After years of pop cultural dominance, we’re adjusting to a new reality: Comic-Con is no longer a major industry event. Oh, the magazines still feature glossy previews and there are parties and “activations” galore, but at this point Comic-Con is a thing because we say it’s a thing, not because it’s actually driving a cultural moment. It used to, from the early aughts when the X-Men turned Hall H into a party and then Twilight turned it into a phenomenon and then Marvel turned it into their personal Valhalla.
But over the last few years, Comic-Con’s actual importance to the industry has waned, and you can tell because now it’s normal for a few studios to sit out the festivities. Five years ago, you wouldn’t DREAM of skipping Comic-Con—when Marvel skipped in 2011 they hastily explained it was because they were shooting The Avengers and couldn’t afford the break. But now Marvel has skipped enough it’s no longer headline news when they sit out Hall H. By the way, Marvel is skipping again this year. You know who else is sitting out Hall H? HBO. That is a big deal, as it’s the first time this decade Game of Thrones won’t be represented. Over the last decade, fan conventions have gained a huge amount of traction and now there is a constant rotation of conventions, “somewhere, in some city”, as Lainey put it.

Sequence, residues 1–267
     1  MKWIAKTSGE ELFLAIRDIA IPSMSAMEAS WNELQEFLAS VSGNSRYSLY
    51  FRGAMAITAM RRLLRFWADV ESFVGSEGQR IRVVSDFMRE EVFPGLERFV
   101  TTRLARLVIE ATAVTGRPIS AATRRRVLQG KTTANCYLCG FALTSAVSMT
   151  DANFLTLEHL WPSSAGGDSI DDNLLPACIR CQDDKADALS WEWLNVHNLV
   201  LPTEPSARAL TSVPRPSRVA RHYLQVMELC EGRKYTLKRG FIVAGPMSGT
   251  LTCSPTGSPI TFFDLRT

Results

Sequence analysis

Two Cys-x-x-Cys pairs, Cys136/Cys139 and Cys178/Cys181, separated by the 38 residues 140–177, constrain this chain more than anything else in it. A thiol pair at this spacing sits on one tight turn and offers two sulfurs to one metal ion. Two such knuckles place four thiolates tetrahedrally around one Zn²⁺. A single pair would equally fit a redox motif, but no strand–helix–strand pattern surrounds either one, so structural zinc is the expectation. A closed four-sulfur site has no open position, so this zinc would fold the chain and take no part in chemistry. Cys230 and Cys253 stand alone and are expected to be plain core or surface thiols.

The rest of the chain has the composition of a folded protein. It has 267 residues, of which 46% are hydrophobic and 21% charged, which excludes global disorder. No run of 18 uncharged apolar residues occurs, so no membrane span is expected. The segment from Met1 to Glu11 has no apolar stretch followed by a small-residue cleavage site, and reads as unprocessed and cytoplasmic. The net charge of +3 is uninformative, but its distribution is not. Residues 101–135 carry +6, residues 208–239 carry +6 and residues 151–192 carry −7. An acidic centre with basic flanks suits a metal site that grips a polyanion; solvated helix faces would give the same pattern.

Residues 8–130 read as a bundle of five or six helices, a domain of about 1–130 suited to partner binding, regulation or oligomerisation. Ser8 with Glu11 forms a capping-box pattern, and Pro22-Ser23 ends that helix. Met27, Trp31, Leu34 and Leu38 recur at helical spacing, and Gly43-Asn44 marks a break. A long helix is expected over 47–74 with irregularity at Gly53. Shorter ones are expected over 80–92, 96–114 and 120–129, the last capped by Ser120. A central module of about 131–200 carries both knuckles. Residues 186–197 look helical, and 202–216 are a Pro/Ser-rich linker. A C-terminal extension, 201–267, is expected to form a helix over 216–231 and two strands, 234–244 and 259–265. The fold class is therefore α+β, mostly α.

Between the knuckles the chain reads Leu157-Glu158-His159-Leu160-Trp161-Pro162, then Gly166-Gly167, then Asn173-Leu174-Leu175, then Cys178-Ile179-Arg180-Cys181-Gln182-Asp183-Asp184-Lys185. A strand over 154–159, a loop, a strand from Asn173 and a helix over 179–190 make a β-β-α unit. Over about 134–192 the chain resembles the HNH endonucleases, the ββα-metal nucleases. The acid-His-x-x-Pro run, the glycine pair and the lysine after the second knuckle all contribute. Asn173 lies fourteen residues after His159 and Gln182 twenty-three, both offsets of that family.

What has made San Diego Comic-Con unique—the mother of all cons, if you will—is the celebrity parade of Hall H and the exclusive previews. But New York Comic Con is just about as good for previews these days, and like half the Avengers turn out every year for Salt Lake City Comic Con, so how will San Diego continue to justify its place on the pop culture calendar? Let’s take a look at the admittedly thin schedule and find out.
The first day kicks off with Fox’s panel at 10:30am when they will be showcasing Shane Black’s reboot The Predator. Fox has two X-Men movies due next year, New Mutants and X-Men: Dark Phoenix, both of which got kicked from this year’s calendar and require (extensive) retooling, but I’m sure that’s not why they’re off the marquee. I’m sure those movies are totally fine. But yeah, Predator, nerds will love that, and no one will even notice the X-shaped hole in the schedule.
Also, the BBC is unveiling Jodie Whittaker as the new Doctor Who. And Better Call Saul has a panel for some reason. I know the Venn Diagram of nerd-bros who like the Joker and Walter White is a perfect circle, but this still seems like a stretch. And ummm…Assassination Nation looks wild. See what I mean? Noticeably less happening here.
Meanwhile in Ballroom 20 (television’s home before movies started abandoning Hall H), they’re previewing the Charmed reboot and A Discovery of Witches, but sadly, no Chilling Adventures of Sabrina to round out the trifecta of witches. Oh, and everyone’s least favorite Marvel hero, Iron Fist, will have a panel which in my original notes is annotated with “LOL”.